I have always been slightly intimidated by the letter, because it seemed like it had been hijacked by a certain theological camp as “their” source book for doctrine.  I no longer feel that way.

I am often ashamed of what people who claim to be followers of Jesus do.  (Last week was a bad week, btw.)   However, I am more often ashamed of myself and my struggle to live every day as Jesus would.  But I am not ashamed of the Gospel.

There’s a long list of sins in the back half of chapter one.  It’s absolutely amazing to me that we not only accept, but welcome into our churches, people who practice most all of these sinswithout requiring them to confess, or even admit that what they are doing is sin.   Yet we judge, condemn and refuse friendship with people who exhibit one particular sin on the list.  Like I said, amazing.

And from yesterday’s teaching, there is no distinction.  Nobody measures up.  Nobody is good enough.  Nobody’s sin is worse than another’s.  And the answer is the same for all of us.

Hope to see you next Sunday.

Who’s preaching Sunday?

el_jefe_throw_blanketI have some Bible teachers I really like to listen to online.  It would be a real honor to hear them in person someday.

If I were traveling through a city where one of those preacher-teacher-pastor types did his or her weekly Bible exposition, you can bet I would call ahead to find out if they were preaching.  I wouldn’t want to hear the backup or the second string or, worse yet, the pinch hitter.  I would want to hear the big cheese.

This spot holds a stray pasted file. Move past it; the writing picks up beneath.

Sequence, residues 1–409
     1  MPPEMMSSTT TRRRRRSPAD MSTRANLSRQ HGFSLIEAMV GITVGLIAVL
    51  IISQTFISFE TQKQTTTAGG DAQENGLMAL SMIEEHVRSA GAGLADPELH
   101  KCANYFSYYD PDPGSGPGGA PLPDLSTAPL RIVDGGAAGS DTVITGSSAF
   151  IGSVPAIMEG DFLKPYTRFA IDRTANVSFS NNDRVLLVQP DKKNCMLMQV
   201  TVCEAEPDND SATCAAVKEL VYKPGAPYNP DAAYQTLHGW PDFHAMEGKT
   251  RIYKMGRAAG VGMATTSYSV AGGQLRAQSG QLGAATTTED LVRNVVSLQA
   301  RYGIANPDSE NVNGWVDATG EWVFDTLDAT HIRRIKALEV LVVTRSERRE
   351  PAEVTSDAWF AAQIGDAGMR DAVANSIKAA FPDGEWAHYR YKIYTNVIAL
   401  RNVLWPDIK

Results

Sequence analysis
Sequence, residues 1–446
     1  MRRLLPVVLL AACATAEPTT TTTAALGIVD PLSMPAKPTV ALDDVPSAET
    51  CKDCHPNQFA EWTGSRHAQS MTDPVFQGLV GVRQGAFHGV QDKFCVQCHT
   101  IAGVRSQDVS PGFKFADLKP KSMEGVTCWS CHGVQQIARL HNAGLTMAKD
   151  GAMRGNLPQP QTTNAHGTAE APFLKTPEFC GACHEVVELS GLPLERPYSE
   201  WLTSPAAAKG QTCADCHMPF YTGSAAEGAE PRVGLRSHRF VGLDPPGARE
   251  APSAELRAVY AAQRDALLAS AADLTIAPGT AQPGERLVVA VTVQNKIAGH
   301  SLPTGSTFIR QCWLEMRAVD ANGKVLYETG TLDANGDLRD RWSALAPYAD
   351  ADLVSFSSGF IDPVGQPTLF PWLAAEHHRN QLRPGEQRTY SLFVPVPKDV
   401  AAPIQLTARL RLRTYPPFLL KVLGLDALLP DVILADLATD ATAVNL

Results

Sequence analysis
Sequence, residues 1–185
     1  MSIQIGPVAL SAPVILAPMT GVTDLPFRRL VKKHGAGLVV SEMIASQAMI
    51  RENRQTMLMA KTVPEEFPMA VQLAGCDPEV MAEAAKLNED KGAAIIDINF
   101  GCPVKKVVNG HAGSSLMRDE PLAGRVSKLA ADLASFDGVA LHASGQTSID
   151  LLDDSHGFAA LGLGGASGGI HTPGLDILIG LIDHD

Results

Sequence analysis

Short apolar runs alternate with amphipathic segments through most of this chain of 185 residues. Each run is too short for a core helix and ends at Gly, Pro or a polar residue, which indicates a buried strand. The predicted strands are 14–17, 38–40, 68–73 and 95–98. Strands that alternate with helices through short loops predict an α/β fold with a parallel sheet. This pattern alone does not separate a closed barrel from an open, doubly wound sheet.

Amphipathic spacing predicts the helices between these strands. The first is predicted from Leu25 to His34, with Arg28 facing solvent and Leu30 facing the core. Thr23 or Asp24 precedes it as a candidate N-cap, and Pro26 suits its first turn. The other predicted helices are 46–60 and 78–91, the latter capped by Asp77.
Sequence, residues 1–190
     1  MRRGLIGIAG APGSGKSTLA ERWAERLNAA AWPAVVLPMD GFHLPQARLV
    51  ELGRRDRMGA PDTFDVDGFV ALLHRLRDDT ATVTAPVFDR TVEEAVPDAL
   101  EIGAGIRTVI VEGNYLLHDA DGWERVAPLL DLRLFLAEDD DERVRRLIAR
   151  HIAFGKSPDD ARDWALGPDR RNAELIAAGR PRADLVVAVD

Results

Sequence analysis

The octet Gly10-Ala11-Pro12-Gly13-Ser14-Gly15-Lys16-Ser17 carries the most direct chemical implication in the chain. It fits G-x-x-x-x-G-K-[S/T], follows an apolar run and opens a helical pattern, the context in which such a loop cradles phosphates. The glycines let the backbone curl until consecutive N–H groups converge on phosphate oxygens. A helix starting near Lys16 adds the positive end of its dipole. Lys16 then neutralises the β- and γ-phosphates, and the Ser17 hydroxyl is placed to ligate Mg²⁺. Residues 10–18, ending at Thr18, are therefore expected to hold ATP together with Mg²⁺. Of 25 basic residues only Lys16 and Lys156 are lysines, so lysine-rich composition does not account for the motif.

And I wouldn’t be happy if that church didn’t come clean over the phone.  I don’t want them to try to con me or manipulate into coming by withholding info or covering up.  I want the real deal, or I’m gonna keep looking.

I don’t apologize for my actionsor my attitude.  I’m only coming to hear the speaker.  If I get some blessing or challenge or some kind of residual benefit by being there, all the better.

On the other hand…

If you claim a church family as your own…  If you see yourself as part of a particular church family…  You better never make your decision to come to the weekly big show based on who’s preaching!  Ever.  You better never call ahead to find out if El Jefe is going to be in the saddle, so you can decide whether there’s something better to do with your time.

Here’s what I’m thinking…